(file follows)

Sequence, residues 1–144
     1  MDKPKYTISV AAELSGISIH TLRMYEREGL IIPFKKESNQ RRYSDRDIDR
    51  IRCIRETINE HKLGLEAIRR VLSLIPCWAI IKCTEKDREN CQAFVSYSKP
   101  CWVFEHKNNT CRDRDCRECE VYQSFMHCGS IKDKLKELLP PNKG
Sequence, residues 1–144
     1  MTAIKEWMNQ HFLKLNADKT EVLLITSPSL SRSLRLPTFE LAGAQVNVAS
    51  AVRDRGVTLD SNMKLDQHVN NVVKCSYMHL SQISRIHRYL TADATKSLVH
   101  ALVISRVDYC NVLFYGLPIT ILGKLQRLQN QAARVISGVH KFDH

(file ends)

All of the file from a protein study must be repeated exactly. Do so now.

Sequence, residues 1–144
     1  MDKPKYTISV AAELSGISIH TLRMYEREGL IIPFKKESNQ RRYSDRDIDR
    51  IRCIRETINE HKLGLEAIRR VLSLIPCWAI IKCTEKDREN CQAFVSYSKP
   101  CWVFEHKNNT CRDRDCRECE VYQSFMHCGS IKDKLKELLP PNKG
Sequence, residues 1–144
     1  MTAIKEWMNQ HFLKLNADKT EVLLITSPSL SRSLRLPTFE LAGAQVNVAS
    51  AVRDRGVTLD SNMKLDQHVN NVVKCSYMHL SQISRIHRYL TADATKSLVH
   101  ALVISRVDYC NVLFYGLPIT ILGKLQRLQN QAARVISGVH KFDH